- A TikTok content moderator is suing the company, alleging it did not provide a safe workplace.
- Frazier’s attorney said TikTok won’t let her work and it’s not clear whether she will be paid.
- Facebook paid $ 52 million in a class action settlement to moderators diagnosed with PTSD.
TikTok prevents a content moderator from working after suing the company, alleging that she did not provide a safe workplace and that her job caused her post-traumatic stress disorder (PTSD), her lawyer said.
Candie Frazier’s class action, was first reported by The edge, accuses TikTok and its parent company, ByteDance, of injuring content moderators by causing them to engage in abnormally dangerous activity, according to the lawsuit, obtained by Insider.
Frazier’s attorney, Steve Williams, alleged to Insider that TikTok disciplined her “in retaliation” by banning her from working a day after filing a complaint. Williams said it was “not clear” whether Frazier would be paid for the missed work.
The lawsuit, filed Thursday in the United States District Court for the Central District of California, said Frazier’s job included spending 12 hours a day reviewing “disturbing” content. During his work, Frazier has witnessed “thousands of acts of extreme and graphic violence,” including child rape, animal mutilation, sexual assault and mass shootings, according to the prosecution.
Due to “constant, unmitigated exposure to highly toxic content,” Frazier developed PTSD, anxiety, and
, the costume alleges.
The costume also states that Frazier has “horrible nightmares” and often plays back “videos she’s seen in her head” while trying to sleep.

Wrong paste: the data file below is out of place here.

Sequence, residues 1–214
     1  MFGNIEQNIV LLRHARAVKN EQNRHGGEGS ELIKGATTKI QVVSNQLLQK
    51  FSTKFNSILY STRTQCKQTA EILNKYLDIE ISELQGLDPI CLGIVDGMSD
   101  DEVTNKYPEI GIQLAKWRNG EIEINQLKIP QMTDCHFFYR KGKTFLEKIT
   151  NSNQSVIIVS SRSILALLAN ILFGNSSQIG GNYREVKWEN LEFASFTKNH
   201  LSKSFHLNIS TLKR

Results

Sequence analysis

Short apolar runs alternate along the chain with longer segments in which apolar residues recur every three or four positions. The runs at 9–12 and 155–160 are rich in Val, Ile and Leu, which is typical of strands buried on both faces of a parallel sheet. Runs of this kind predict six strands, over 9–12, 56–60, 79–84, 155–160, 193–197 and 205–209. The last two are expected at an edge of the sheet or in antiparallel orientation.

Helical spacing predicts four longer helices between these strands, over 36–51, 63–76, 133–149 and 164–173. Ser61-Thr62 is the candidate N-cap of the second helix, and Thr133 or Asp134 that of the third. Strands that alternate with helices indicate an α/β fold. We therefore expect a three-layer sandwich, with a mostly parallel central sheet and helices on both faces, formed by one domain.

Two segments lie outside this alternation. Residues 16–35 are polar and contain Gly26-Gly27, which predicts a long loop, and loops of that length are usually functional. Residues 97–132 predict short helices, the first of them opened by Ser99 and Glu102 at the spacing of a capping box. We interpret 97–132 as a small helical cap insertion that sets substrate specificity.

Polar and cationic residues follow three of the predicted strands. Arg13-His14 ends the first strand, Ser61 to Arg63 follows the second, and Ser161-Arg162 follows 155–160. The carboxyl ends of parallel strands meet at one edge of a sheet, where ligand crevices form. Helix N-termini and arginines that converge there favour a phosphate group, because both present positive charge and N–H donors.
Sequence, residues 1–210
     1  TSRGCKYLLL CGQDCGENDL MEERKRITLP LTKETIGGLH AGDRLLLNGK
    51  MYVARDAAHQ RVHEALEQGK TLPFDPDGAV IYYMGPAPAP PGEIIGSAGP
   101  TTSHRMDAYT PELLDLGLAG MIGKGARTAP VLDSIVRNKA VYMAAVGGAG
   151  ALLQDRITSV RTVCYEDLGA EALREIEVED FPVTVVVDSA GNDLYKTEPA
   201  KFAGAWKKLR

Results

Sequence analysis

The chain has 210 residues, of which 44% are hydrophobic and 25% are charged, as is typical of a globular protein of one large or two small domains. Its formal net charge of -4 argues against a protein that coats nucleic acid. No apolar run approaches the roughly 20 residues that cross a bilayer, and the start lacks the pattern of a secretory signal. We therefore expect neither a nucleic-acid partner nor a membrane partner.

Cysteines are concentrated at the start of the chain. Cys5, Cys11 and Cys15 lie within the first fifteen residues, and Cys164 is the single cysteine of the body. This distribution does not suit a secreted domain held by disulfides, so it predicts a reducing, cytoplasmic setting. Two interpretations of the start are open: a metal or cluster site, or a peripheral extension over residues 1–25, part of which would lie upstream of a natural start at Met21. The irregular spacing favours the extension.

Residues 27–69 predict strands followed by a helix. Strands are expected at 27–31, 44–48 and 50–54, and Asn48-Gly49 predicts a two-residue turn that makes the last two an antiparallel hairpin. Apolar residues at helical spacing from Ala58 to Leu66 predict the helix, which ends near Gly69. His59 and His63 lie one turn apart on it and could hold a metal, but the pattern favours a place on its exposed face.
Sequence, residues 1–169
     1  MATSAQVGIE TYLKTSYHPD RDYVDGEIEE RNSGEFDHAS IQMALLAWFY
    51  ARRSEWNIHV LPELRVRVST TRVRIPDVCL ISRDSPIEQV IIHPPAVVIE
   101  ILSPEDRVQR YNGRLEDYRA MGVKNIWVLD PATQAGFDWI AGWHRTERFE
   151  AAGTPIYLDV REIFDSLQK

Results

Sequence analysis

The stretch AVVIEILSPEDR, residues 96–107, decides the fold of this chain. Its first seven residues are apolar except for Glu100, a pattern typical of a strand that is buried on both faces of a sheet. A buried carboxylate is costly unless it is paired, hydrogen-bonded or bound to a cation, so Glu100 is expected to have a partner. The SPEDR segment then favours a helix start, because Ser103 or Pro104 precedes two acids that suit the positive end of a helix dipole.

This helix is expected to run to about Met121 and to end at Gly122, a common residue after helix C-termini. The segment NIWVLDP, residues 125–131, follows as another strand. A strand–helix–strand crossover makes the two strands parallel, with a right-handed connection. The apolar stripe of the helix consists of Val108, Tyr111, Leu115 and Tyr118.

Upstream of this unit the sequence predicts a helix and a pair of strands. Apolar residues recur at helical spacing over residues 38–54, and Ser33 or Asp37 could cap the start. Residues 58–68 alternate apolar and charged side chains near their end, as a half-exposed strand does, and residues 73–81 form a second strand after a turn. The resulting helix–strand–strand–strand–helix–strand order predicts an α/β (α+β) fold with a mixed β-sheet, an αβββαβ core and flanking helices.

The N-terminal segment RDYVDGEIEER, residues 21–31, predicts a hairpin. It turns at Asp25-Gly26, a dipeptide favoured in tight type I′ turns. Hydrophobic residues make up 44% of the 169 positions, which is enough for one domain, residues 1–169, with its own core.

While it is aware of how damaging the work of content moderation can be, the lawsuit alleges that ByteDance and TikTok have failed to implement industry-wide safety standards, such as the disabling audio, reducing or blurring parts of disturbing content. The lawsuit also alleges that companies are not providing adequate mental health support.
Content moderators watch three to 10 videos at the same time and don’t spend more than 25 seconds on a single video due to the “sheer volume” of TikTok content, depending on the combination.
ByteDance and TikTok can oversee content moderators through an exclusive video review program to verify that they “strictly adhere to breaks,” the lawsuit alleges, and the company can “decline payment” if an employee uses more than the allotted break time.
A spokesperson for TikTok declined to comment on the matter, but told Insider that the platform strives “to promote a caring work environment for our employees and contractors” and continues “to expand a range of wellness services’ for the mental and emotional support of moderators.
When asked about Williams’ claim that Frazier was reprimanded and unable to work as a result of the trial, TikTok was not immediately available for comment.
Frazier is employed by Telus International, which hires content moderators for TikTok, and has been a “top-level content moderator” since January 2018, the lawsuit says. Telus International, which is not named as a defendant in the lawsuit, did not respond to a request for comment.
Frazier is seeking a jury trial and compensation for herself and other US content moderators who have been exposed to disturbing videos and images on TikTok, and for TikTok and ByteDance to provide support and treatment in relation to the issue. mental health to content moderators.
Content moderators alleging that they have developed psychological issues as a result of their work have been a major issue on other social media platforms. Facebook paid $ 52 million in a 2020 settlement to moderators diagnosed with PTSD as a result of their work, which The Verge called “historic recognition of the toll content moderation takes on its workforce.”